Explorations in Yarn Dyeing

November 21, 2016

Even before I learned how to knit I would see hand-dyed yarn at some of my favorite fabric boutiques and I’d marvel at it. I loved the variations in colors and stripes and always wondered what type of wizardry one would need to create such cool fiber. Now that I can knit and have been dealing with repetitive stress injuries, I’m even more motivated to try new things and explore new ways to express myself creatively. I wanted to find a way to feed my passion for knitting, even when I can’t physically knit. Well I finally stopped marveling from afar and started doing the research and the work. I’ve learned the basics of the Yarn Wizardry that is dyeing at home! Last month I bought a Craftsy class on sale, one that promised to get me started with yarn dyeing and today I wanted to share a little peek at my efforts.


The class is very appropriately named Professional Yarn Dyeing at Home and as someone who had zero clue how to go about dyeing yarn like the pros do it, I can’t recommend this class highly enough. Though the instructor, Sarah Eyre, lists some pretty in depth formulas for some of her company’s most popular colors, I found watching her basic fundamental technique the most valuable. Now I know how variegated colors, semi-solids, and wild stripes occur and it’s SO FUN to experiment with different colors.


After working through the entire class and trying each technique, I have an array of solid, semi-solid, variegated, and speckled yarns to add to my stash. I feel like I’ve got a pretty good grasp on kettle dyeing but my speckles need work. Getting the heat just right is tricky, especially when trying to use a shallow roasting pan on the stove top.


I also tried over-dyeing some yarn that I bought a while ago. Aqua blue is one of my favorite colors but I’m learning I don’t like to wear it too close to my face because it washes me out. I knew I wanted to go for something warmer so I tried a deep rust orange over the aqua.


I dyed it in a big stock pot using the veil technique and I love the result! It’s now mostly rusty orange with hints of olive green and some of the aqua still coming through. I love it!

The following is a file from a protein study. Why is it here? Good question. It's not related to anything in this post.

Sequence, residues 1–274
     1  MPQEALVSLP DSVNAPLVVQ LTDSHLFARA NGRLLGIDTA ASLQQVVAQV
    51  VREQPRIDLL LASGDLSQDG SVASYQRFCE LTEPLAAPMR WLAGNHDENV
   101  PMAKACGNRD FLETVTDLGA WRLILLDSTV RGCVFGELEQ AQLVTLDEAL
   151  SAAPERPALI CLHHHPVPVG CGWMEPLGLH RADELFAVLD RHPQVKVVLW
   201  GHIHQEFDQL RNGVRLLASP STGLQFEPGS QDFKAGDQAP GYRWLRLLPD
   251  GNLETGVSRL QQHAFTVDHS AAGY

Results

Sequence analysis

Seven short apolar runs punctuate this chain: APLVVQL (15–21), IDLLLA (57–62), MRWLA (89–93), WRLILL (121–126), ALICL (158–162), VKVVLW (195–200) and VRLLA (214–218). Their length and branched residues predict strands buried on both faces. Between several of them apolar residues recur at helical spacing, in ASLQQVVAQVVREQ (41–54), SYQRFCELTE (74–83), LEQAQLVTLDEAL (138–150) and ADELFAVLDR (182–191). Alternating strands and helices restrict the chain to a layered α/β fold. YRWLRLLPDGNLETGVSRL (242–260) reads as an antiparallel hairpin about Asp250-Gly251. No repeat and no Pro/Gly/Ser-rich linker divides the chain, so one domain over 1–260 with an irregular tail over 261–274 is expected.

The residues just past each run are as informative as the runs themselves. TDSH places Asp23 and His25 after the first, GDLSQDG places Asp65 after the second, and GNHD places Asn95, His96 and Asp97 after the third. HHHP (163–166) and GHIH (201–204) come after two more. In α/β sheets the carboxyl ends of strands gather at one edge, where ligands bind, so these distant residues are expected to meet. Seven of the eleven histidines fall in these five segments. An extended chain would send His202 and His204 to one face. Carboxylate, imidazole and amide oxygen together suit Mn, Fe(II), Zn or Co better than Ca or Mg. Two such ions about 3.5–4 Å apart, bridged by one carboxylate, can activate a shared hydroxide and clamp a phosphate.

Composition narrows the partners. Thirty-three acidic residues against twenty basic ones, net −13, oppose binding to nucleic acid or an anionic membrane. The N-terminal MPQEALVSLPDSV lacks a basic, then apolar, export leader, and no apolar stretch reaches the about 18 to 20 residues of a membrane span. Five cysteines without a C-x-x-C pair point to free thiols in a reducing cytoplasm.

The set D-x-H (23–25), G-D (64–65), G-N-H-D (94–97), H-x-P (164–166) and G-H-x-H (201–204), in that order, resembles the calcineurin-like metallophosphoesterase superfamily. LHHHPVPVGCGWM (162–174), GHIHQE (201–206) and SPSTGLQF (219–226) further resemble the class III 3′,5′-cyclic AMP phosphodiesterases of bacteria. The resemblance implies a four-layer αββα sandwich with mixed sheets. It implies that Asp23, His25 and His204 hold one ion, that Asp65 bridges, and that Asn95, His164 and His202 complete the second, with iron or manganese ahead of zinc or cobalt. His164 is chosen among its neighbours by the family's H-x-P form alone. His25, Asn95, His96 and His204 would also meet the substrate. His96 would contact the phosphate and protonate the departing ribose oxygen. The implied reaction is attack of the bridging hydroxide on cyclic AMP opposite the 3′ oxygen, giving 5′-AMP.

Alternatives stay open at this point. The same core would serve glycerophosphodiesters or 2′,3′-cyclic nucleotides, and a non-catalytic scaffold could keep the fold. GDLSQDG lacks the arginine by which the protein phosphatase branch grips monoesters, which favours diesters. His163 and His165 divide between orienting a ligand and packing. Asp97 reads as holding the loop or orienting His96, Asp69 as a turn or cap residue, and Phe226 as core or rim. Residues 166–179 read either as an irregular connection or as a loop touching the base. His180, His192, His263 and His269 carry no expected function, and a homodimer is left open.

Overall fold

I think I was a bit too aggressive with the two skeins of Stonehedge since it’s not superwash wool and the fiber feels scratchier after being exposed to high heat. I still have a lot to learn but I’m having so much fun in the process. Even my “Whoops!” skeins look really pretty!


So that’s a quick little peek at what I’ve been up to, especially for those who saw some of my yarn on Instagram and wanted to know how I got started. Since dealing with tendinitis I’ve been exploring more, less physically taxing ways to get creative with knitting and sewing. When my wrists hurt too much to sit down and do a lot of knitting, it feels great to dye some yarn and know I’m still creating something with my hands.

Even if I can’t knit all this yarn myself, I have plenty of friends who will really appreciate some hand-dyed yarn to add to their own stash. As long as I’m making things with my hands and using what I make (or knowing others are using what I’ve made) I still feel a sense of purpose and accomplishment. I’ve struggled a lot this year with repetitive stress injuries and how much it’s affected me not just physically but mentally and emotionally as well.

If you’re dealing with similar issues, whether it’s limited mobility or even limited time, don’t be too hard on yourself. Always keep on making or learn new things to make and all will be well!

But back to my initial message: Don’t be scared of yarn dyeing if you’ve always wanted to try it. It will take me time and practice before I’d consider selling yarn I’ve dyed but it was much easier to get started than I originally thought!